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He also said the agreement, if successful, “will have set a marker for the standard of behavior with respect to Iran and with respect North Korea and any rogue state (or) group that tries to reach for these kind of weapons.”

Ahead of Mr. Kerry‘s arrival, some Israeli politicians voiced skepticism, saying Mr. Assad cannot be trusted.

Intelligence Minister Yuval Steinitz said the plan was more “substantive” than earlier proposals, but he warned that the agreement’s deadline was not speedy enough and that Mr. Assad could try to hide weapons.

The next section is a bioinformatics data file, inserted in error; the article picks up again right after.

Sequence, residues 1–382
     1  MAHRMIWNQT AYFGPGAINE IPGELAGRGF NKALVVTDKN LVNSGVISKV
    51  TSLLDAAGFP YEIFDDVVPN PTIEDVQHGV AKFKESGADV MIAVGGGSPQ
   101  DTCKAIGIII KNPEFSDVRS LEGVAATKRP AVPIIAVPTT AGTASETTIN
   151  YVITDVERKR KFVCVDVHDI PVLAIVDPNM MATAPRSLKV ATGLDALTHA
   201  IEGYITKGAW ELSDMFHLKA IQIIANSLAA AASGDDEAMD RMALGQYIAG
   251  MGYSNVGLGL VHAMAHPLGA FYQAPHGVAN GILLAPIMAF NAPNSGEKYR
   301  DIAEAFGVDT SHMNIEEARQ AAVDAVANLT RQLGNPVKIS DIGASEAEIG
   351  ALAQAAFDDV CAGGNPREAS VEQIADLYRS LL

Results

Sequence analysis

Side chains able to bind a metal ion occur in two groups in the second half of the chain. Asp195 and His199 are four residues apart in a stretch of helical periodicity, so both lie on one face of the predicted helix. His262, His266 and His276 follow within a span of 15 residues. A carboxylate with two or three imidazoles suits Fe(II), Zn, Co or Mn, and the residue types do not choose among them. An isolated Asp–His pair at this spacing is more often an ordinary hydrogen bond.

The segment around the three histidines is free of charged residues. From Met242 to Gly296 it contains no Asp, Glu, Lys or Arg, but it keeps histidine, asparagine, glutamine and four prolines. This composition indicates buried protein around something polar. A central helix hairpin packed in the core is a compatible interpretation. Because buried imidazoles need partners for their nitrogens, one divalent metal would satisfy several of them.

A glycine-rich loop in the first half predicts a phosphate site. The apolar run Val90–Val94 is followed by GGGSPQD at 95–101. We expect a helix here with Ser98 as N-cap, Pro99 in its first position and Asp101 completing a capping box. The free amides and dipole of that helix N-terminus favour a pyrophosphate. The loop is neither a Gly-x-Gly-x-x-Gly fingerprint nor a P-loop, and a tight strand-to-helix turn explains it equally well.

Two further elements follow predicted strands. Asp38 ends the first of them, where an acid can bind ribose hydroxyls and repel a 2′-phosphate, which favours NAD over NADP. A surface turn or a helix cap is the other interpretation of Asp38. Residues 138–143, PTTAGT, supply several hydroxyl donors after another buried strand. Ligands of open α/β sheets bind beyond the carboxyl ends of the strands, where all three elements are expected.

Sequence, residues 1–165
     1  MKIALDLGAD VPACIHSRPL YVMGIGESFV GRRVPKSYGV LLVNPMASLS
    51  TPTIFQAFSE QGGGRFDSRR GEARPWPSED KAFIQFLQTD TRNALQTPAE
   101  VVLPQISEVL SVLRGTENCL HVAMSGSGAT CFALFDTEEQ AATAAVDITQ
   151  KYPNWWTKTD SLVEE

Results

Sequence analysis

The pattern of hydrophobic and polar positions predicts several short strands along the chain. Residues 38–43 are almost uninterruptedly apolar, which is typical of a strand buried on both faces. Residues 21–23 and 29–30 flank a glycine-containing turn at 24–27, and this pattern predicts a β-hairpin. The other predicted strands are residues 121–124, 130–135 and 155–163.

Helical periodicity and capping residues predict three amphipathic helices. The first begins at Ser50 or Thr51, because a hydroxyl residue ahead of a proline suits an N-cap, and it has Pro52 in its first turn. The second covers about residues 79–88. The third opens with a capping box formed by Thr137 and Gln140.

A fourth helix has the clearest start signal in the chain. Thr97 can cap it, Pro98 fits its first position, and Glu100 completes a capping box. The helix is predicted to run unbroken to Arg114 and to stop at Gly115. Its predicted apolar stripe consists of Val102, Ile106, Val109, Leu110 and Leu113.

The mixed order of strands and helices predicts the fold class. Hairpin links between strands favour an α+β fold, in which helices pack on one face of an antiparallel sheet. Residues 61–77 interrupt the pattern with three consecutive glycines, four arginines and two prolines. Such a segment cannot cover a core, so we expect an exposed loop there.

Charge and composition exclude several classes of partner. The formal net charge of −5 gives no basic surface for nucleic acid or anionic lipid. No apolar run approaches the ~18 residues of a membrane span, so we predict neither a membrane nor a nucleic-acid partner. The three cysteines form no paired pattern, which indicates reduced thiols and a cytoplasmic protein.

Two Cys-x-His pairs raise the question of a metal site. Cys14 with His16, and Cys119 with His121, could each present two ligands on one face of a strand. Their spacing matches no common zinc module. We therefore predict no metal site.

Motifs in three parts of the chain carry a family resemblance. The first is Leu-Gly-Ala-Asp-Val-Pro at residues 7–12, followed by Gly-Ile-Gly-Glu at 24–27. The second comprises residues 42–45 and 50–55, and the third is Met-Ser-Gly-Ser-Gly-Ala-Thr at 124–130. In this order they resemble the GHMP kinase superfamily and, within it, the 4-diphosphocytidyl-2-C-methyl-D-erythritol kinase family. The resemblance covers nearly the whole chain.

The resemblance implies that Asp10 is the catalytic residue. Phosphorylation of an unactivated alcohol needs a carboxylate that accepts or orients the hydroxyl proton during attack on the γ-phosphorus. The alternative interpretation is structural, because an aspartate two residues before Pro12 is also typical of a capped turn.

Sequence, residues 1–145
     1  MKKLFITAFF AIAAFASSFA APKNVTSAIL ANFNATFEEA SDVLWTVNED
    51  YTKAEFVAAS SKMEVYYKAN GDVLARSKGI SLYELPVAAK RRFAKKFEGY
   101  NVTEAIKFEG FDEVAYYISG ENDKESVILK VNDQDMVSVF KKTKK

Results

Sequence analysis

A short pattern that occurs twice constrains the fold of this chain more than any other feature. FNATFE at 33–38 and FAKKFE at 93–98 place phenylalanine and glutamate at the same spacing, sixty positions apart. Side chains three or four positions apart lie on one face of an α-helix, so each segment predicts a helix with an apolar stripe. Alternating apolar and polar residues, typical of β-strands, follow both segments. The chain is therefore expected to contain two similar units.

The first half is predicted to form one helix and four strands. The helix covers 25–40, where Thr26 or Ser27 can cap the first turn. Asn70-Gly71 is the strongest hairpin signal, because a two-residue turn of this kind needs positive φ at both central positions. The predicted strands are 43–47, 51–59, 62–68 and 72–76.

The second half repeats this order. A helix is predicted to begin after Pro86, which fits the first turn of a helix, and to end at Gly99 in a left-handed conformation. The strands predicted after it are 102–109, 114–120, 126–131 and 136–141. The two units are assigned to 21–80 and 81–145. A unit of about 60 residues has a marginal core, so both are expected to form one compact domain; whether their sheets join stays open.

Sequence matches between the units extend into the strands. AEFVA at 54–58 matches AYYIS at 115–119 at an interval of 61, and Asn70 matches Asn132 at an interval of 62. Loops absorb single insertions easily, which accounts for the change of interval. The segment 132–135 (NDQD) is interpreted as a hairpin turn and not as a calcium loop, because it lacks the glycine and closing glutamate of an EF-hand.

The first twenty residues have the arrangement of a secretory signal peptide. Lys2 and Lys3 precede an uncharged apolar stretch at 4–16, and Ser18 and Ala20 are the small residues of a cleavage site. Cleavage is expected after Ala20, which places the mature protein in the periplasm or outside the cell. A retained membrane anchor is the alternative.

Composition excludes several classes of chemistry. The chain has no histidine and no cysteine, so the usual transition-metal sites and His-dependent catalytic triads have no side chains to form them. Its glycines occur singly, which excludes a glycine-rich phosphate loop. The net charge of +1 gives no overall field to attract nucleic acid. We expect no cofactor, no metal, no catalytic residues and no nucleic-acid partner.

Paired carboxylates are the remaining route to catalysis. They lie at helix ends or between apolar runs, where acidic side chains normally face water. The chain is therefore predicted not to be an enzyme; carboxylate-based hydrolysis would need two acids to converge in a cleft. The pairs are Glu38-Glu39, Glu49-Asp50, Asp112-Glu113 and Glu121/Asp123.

“We know Assad. All kinds of things could happen,” he said, adding that an agreement on chemical weapons should not absolve Mr. Assad of punishment for the acts he has committed against the Syrian people.

Avigdor Lieberman, chair of parliament’s foreign affairs and defense committee, told Army Radio that Israel would compare its own intelligence assessments of Syria’s weapons to the inventory Syria submits, which the plan requires Mr. Assad to do in a week.

“After we see the list of what Assad has handed over in a week, we can know if his intentions are serious of if it is just deception,” Mr. Lieberman said.

After the news conference, Mr. Kerry departed for Paris, where he was to discuss the Syria plan with his French, British, Turkish and Saudi counterparts on Monday.